Report: India, South Korea, Japan to increase oil imports from Iran
Azerbaijan, Baku, Jun.28/ Trend R.Zamanov
India, South Korea, and Japan plan to increase their oil imports from Iran as from the next month, the Fars News Agency reported.
The three had decreased their oil imports because of insurance problems, but now by approving Iranian companies as underwriters they plan to increase their oil imports from Tehran.
India has announced it will grant permission to foreign tankers to unload Iranian oil shipments in the country's ports under certain conditions.
It was announce in April that India has approved two Iranian ship underwriters among nine new ship insurers who are not part of a global body and whose liability cover against risks will be accepted by India's ports. Kish P&I Club, founded by a group of Iranian ship owners on Kish Island located in the Persian Gulf, and Tehran-based Moallem Insurance Co., are the two underwriters whose applications were accepted by India's Directorate General of Shipping, ISNA News Agency reported.
Japan has also said it plans to increase oil imports from Iran because it failed to replace Tehran with another reliable source.
Hyundai Oilbank has also confirmed that negotiations with Tehran are in the final stages and the company will resume oil imports in September. Meanwhile, another South Korean company announced that it will resume oil imports from Tehran in July, the Fars News Agency reported.
This is at the same time of Reuters June 24 report stating that South Korea has pledged to the United States that it will cut imports of Iranian crude by 15 per cent in the next six months to secure its next waiver to U.S. sanctions targeting Iran's nuclear programme.
U.S. and European measures aimed at curbing Iran's oil shipments and depriving Tehran of its main source of funds drove crude exports to the lowest in decades in May.
The curbs have cost Iran billions of dollars in lost revenue and Washington is now seeking to cut Iran's exports further by tighter sanctions.
Earlier this month, Washington renewed a six-month exemption on sanctions for China, India, South Korea and six other economies in exchange for their agreeing to reduce purchases of oil from Iran.
The exemptions will next come up for review in November and any country failing to achieve a waiver is liable for sanctions that exclude its banks from the U.S. financial system.
South Korea's government has instructed refiners to make the import cuts, the two sources familiar with the plan said after meetings between U.S. and South Korean officials.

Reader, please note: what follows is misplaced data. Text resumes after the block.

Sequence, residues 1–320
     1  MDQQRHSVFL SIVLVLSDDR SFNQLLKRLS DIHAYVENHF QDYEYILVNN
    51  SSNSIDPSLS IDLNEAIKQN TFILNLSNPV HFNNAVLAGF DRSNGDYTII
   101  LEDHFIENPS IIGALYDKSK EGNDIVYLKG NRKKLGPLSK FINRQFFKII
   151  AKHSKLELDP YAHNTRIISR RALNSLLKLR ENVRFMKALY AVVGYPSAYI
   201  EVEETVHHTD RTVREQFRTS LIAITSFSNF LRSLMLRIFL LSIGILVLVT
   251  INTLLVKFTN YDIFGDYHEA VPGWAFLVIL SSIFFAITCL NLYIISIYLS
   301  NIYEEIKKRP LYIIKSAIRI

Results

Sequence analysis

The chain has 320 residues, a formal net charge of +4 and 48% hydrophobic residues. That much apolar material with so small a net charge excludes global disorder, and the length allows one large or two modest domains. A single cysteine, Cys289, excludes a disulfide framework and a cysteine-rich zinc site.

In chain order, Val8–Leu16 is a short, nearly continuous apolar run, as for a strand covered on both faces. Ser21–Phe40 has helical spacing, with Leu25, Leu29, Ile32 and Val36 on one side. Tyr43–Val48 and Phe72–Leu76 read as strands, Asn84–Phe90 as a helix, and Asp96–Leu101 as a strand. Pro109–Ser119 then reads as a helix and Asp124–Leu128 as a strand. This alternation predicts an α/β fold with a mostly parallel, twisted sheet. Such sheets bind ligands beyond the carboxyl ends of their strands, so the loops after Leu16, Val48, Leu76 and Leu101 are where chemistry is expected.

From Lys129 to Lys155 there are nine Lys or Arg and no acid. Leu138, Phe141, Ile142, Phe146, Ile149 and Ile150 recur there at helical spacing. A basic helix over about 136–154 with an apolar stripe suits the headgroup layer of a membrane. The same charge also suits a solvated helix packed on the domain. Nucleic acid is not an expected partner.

"The refiners have been unofficially told by the government to reduce imports in the next six months by 15 per cent more compared to the previous six months," said one of the sources. The second source confirmed the plan. Both declined to be identified because they are not authorised to speak to the media.
The cut would leave South Korean refiners importing just under 126,000 barrels per day (bpd) over the six months to November, according to Reuters calculation based on data from the state-run Korea National Oil Corp.
Imports from Iran to South Korea for December to May stood at 148,016 bpd, down 20 per cent from a year ago. Officials at South Korea's energy ministry, foreign affairs ministry and the presidential office declined to comment.
South Korean refiners SK Energy and Hyundai Oilbank are the only two in the country to import Iranian crude. Spokesmen at both refineries declined to comment.
The cut is being made against the previous six months rather than from a year earlier because South Korea's oil imports between June and November last year were low due to a two-month import halt over insurance problems, one of the sources said.
For part of last year, a European ban on Iranian oil shipping insurance made it hard for South Korean refiners to find ships to import Iranian oil resulting in a drop in imports to 115,245 bpd between June and November of 2012.
Iranian oil imports to South Korea resumed from October of 2012 as Iran offered its own ships to transport the oil.
Sanctions are one of Washington's main strategies to choke funding to Iran's nuclear programme. Western countries suspect Tehran aims to develop weapons, while Iran says the programme is for peaceful purposes.
U.S. lawmakers aim to deal a bigger blow to Iran's diminishing oil exports. While they are still working out the details, analysts say the ultimate goal could be a near total halt.